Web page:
In today’s Bulldog wrapup of technology and life science news:

  • NetSuite closes on its $200 million acquisition of Durham-based Bronto Software
  • RBC expects “strong” earnings from Red Hat
  • Monsanto targets Syngenta shareholders
  • China frees a GSK investigator
  • HP to pay $100 million in Autonomy class-action suit

The details:

  • NetSuite-Bronto deal closes

NetSuite (NYSE: N) has formally closed on the $200 million acquisition of Durham-based Bronto Software. The deal was announced in April.

“The acquisition brings together leaders in cloud-based omnichannel commerce and marketing automation solutions. As the number one email marketing provider to retailers ranked on the Internet Retailer Top 1000, Bronto Software provides the premiere commerce marketing automation platform used by more than 1,400 brands, including Armani Exchange, Timex and Trek Bikes. NetSuite SuiteCommerce is the leading cloud-based omnichannel commerce platform, with thousands of brands leveraging the platform to drive their commerce strategies across point-of-sale, ecommerce and call center,” NetSuite stated.

“We’re thrilled to officially join the NetSuite team and we’re already hard at work bringing Bronto’s industry leading commerce marketing capabilities to NetSuite’s commerce solutions,” said Joe Colopy, Bronto Software’s CEO. “With a combined Bronto and NetSuite solution, businesses now have a single platform to better engage with their customers, drive repeat purchases and build lifelong loyalty.”

Bronto remains based in Durham.

  • Analyst: “Strong results” expected fpr Red Hat

“We’re anticipating strong results for Red Hat (NYSE:RHT) with continued strength from Red Hat Enterprise Linux (RHEL) and upside from emerging products,” wrote RBC’ Analyst Matt Hedberg about Red Hat (NYSE: RHT) earnings due June 18.

“Partners stated 31% of customers have made a purchase outside of Red Hat Enterprise Linux and expect that to grow 46% by this time next year.”

Notes news website SeekingAlpha about the RBC research note:

“Outside of RHEL, channel partners report their customers are most interested in Red Hat’s OpenStack cloud infrastructure (IaaS) management software, followed by its server virtualization and OpenShift cloud app platform (PaaS) software. In addition, 82% of partners report seeing positive interest in Red Hat’s new Linux container software (acts as a lightweight alternative to virtualization), which is based on the increasingly popular Docker platform.”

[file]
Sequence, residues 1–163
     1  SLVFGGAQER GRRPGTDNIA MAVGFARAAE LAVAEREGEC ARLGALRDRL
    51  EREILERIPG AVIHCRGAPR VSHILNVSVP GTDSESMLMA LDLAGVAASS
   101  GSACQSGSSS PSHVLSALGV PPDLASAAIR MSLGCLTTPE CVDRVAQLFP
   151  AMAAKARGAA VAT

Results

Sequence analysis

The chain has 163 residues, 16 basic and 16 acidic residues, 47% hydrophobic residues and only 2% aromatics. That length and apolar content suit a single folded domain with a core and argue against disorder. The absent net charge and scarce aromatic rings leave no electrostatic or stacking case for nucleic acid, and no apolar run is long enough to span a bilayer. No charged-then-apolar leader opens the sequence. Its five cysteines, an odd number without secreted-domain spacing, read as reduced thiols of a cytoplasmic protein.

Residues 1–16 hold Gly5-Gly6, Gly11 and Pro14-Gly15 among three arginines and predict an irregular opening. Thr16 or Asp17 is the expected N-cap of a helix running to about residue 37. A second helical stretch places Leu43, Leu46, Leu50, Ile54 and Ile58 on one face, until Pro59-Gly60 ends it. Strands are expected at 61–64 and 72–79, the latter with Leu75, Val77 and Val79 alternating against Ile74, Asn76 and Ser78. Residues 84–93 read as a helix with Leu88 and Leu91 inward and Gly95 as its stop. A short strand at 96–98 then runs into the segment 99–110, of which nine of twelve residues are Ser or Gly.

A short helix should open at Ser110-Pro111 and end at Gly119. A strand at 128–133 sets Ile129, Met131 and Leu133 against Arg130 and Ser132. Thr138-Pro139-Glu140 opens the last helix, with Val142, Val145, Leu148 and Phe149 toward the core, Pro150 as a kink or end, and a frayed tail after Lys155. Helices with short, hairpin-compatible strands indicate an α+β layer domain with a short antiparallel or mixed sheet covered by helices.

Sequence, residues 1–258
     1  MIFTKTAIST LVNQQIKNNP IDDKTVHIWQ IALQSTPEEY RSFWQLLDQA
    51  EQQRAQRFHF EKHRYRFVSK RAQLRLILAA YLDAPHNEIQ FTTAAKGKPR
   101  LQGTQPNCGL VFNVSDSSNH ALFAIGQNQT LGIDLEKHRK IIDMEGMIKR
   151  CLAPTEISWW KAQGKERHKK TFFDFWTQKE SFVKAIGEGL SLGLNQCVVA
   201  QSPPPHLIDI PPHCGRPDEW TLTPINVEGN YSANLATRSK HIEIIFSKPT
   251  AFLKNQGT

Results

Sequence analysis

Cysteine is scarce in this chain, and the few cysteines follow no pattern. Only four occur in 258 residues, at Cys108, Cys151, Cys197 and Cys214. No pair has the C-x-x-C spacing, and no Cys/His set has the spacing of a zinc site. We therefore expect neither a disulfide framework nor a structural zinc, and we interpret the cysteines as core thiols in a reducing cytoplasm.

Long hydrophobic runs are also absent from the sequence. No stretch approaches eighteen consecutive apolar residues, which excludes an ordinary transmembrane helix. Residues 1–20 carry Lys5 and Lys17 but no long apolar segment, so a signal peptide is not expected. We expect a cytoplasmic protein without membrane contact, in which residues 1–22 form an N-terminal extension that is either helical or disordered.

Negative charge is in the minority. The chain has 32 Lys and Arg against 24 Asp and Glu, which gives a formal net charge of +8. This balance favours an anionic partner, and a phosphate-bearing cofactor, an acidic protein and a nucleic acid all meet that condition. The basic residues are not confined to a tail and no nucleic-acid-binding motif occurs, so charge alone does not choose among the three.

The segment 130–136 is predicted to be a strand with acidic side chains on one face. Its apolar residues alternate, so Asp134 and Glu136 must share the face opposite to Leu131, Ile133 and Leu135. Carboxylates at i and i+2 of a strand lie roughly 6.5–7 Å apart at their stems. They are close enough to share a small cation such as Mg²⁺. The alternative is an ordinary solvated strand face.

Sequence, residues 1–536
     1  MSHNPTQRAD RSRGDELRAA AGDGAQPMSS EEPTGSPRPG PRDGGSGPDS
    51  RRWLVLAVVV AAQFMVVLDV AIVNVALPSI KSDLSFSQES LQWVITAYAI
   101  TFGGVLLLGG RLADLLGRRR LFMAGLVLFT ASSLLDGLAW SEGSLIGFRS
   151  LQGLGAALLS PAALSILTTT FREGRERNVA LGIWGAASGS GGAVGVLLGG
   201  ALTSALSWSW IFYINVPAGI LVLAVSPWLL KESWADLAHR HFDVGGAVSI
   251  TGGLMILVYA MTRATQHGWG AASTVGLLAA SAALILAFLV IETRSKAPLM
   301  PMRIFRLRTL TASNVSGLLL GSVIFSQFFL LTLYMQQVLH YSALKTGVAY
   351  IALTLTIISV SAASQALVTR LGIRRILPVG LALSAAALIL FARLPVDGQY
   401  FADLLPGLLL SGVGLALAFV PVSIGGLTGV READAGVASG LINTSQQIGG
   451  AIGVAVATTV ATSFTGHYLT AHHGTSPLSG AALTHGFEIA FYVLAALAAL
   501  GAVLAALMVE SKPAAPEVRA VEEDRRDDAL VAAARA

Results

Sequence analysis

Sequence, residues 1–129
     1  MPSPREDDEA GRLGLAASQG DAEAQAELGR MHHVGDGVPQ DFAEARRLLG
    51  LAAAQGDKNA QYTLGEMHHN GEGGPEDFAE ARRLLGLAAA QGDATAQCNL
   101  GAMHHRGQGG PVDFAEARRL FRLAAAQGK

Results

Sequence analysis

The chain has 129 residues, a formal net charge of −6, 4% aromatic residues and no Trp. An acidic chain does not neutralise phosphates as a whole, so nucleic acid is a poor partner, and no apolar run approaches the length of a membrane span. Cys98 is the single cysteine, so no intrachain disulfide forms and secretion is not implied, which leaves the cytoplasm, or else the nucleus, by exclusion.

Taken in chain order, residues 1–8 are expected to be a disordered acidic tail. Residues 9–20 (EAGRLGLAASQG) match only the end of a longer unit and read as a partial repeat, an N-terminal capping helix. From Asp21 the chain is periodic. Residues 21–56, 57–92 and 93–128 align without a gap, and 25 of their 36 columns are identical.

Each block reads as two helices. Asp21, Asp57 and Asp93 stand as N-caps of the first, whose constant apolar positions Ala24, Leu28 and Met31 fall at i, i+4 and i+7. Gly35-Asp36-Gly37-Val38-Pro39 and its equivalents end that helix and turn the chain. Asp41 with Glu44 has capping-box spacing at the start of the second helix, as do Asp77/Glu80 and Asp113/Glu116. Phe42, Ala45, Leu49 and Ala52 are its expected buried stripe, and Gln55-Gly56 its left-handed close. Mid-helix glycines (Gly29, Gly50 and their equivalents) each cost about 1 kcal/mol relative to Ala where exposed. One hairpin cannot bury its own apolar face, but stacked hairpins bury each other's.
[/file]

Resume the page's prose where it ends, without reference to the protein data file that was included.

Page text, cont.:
• Monsanto woos Syngenta investors

“Monsanto is hosting meetings across Europe to woo shareholders in Syngenta after the Swiss seed and crop chemical firm rejected a second takeover approach from its U.S. rival on Monday,” Reuters reported Tuesday.

The news service cited one source as saying Monsanto’s chief operating officer is meeting Syngenta investors in Zurich, Switzerland.

Syngenta rejected Monsanto’s bids as “wholly inadequate.”

Read details:

  • ​GSK investigator in China freed

Peter Humphrey, an investigator imprisoned during the GlaxoSmithKline Chinese corruption scandal, has been released after two years in prison, sources told British media.

“Mr Humphrey was apparently released on health grounds and is in a Shanghai hospital having tests relating to cancer. A court reduced his sentence by seven months and he will be deported on release from hospital, ” The Financial Times reported.

Read more at:

  • ​HP to pay $100 million to settle case tied to Autonomy deal

Hewlett-Packard’s ill-fated acquisition of software maker Autonomy will cost another $100 million, as the personal computer and printer maker prepares to settle class-action litigation tied to the 2011 deal.

HP wound up paying a 64 percent per-share premium for Autonomy as it built up its business software line while retreating from consumer electronics. The $10 billion price tag was 11 times greater than Autonomy’s annual revenue of $870 million.

Only a month later, HP fired CEO Leo Apotheker, one of the deal’s biggest backers, as the company struggled to justify disappointing sales and a series of missteps.

HP ended up writing off most of the purchase price for Autonomy after alleging that the company had misrepresented its true value during sale negotiations. Autonomy’s founder has denied the allegations.

Hewlett-Packard Co. said Tuesday that it pay the $100 million to a settlement fund to resolve a lawsuit stemming from the impairment charge. The money ultimately will go to people who bought HP shares between Aug. 19, 2011 and Nov. 20, 2012.